Combined sewage overflow (CSO) is caused by excess storm water flooding our sewers; because of the flooding, effluent (including waste water and industrial pollutants) pours straight into the receiving waters, untreated. While heavy rain and melting snow are the typical cause of CSO, buried streams also contribute to the overflows.

Buried streams, typically found in urban areas, are bodies of water that have been directed into pipes or buried beneath buildings, construction zones, and other quintessential parts of an urban landscape. Usually forgotten about fairly quickly, buried streams make their presence known when, instead of pooling at the surface of the land, they flow into storms drains, or underground directly to the local sewer system. There, they add millions of gallons of water to the already overwhelming amount that must be treated. The excess water brought by these buried streams contribute to the CSO problem New York City faces. Buried streams can also cause home flooding when, during heavy rains, they flood directly beneath basements and cellars.

Over the past few decades, many attempts – some more successful than others – have been made to “daylight” (deliberate exposure of) these buried streams.

Buried Streams

Benefits of daylighting:

  • Reduce amount of storm water flowing into storm system, both lightening the load put on waste water treatment systems and leading to a reduction in CSO
  • Improve water quality through the growth of aquatic vegetation that uptake pollutant
  • Reduce erosion
  • Reduce flooding
  • Improve the local ecosystem and create new habitats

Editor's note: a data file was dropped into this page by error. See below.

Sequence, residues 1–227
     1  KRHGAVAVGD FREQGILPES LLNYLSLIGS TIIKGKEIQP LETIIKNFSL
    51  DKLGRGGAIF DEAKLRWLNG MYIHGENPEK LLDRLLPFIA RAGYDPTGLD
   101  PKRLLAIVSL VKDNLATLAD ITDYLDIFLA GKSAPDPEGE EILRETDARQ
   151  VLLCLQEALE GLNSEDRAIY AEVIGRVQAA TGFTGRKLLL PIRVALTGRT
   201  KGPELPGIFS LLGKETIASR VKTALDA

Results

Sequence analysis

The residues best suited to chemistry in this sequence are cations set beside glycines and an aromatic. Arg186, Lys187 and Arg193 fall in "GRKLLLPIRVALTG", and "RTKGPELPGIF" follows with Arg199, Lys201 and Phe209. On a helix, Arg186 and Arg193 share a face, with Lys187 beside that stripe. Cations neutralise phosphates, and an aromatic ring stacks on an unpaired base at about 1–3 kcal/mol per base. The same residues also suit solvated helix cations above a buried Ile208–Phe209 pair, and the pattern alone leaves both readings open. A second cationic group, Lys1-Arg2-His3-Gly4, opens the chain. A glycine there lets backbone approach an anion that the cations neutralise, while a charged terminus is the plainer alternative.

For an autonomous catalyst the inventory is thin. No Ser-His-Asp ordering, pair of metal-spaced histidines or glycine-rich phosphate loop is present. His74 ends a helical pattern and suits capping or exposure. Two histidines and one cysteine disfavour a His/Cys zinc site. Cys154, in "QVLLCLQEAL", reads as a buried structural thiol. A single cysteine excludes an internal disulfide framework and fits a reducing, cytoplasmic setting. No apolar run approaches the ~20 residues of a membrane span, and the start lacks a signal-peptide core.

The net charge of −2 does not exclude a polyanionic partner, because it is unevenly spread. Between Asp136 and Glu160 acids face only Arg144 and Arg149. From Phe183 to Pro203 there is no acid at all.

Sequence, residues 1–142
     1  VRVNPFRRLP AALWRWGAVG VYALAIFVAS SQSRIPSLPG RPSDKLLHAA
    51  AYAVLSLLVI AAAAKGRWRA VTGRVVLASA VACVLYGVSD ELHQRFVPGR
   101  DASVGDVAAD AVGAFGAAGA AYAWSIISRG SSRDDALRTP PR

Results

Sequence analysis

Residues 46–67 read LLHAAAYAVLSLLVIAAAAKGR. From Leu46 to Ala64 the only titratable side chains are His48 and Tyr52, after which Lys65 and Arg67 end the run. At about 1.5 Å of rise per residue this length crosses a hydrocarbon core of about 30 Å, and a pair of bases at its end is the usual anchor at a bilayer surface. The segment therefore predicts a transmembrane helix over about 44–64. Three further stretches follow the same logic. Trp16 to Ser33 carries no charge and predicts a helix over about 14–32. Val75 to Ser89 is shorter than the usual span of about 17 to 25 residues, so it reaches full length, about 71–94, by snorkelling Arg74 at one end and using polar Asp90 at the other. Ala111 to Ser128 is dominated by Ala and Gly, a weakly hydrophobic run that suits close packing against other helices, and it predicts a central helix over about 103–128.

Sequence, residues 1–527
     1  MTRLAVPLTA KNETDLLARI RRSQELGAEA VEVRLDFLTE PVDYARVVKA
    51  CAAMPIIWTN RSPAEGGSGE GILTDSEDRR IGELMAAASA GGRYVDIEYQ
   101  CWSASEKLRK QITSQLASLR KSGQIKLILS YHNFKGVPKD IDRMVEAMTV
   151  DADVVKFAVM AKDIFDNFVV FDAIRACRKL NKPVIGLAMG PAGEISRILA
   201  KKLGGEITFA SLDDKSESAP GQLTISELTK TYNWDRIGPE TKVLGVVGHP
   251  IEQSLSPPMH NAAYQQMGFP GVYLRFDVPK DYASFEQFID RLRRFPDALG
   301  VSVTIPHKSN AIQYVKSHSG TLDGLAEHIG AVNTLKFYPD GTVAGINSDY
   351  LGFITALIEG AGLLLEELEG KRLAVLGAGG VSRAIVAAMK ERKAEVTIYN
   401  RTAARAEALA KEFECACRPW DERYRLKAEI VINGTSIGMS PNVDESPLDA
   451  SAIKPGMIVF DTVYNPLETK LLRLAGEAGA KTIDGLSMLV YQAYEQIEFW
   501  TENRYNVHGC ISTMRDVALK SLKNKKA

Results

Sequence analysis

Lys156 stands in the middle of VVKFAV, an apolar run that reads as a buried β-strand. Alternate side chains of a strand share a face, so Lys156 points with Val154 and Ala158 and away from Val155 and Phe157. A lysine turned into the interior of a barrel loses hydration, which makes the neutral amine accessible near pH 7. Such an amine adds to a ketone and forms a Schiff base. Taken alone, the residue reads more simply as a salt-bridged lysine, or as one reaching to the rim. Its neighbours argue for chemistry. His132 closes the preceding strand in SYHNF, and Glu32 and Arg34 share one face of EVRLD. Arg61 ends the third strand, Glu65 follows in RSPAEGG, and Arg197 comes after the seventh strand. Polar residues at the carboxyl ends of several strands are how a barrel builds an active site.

• Creation of an educational site for school children and college students
  • Improvement of local parks

Challenges of daylighting:

  • Stream sources must be located and excavated
  • The original channel in which the stream flowed must be found
  • Streams and their original channels may be located beneath homes, buildings, landmarks, buried utilities or other structures that cannot be easily reconstructed to accommodate the new water framework
  • The cost of excavating streams may be too high for municipalities to justify to taxpayers
  • Ownerships of the stream may be disputed
  • Landowners near the daylighted stream may be subject to additional environmental regulation
  • Streams, if neglected, can collect trash or promote the growth of disease-carrying pests like rodents and mosquitoes

References

All references last accessed April 10, 2010

Image 1: http://www.conservation-ontario.on.ca/source_protection/files/watershed_labeled_hor.jpg

Dearen, J. “Plans percolate to revive some SF native creeks,” Yahoo News, 2010. Web. http://news.yahoo.com/s/ap/20100424/ap_on_re_us/us_revived_urban_creeks

Elmore, A.J., and Kaushal, S. S., “Disappearing headwaters: patterns of stream burial due to urbanization,” The Ecological Society of America. Web-PDF.
ftp://ftpext.usgs.gov/pub/other/EUSE_permanent/literature/Elmore%20and%20Kaushal%202008.pdf

“Daylighting,” Minnesota Sustainable Communities Network, 2009. Web. http://www.nextstep.state.mn.us/res_detail.cfm?id=356

Pinkham, R. “Daylighting: New Life for Buried Streams,” Rocky Mountain Institute, 2000. Web. http://www.rmi.org/rmi/Library/W00-32_DaylightingNewLifeBuriedStreams

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Table of contents:
WATER HOME

o CSO in NYC
Combined Sewer System
Eliminating CSO

o Drinking Water in NYC
Desalination
Buried Streams

o Holland

o Water Around the World

o PLANYC Initiatives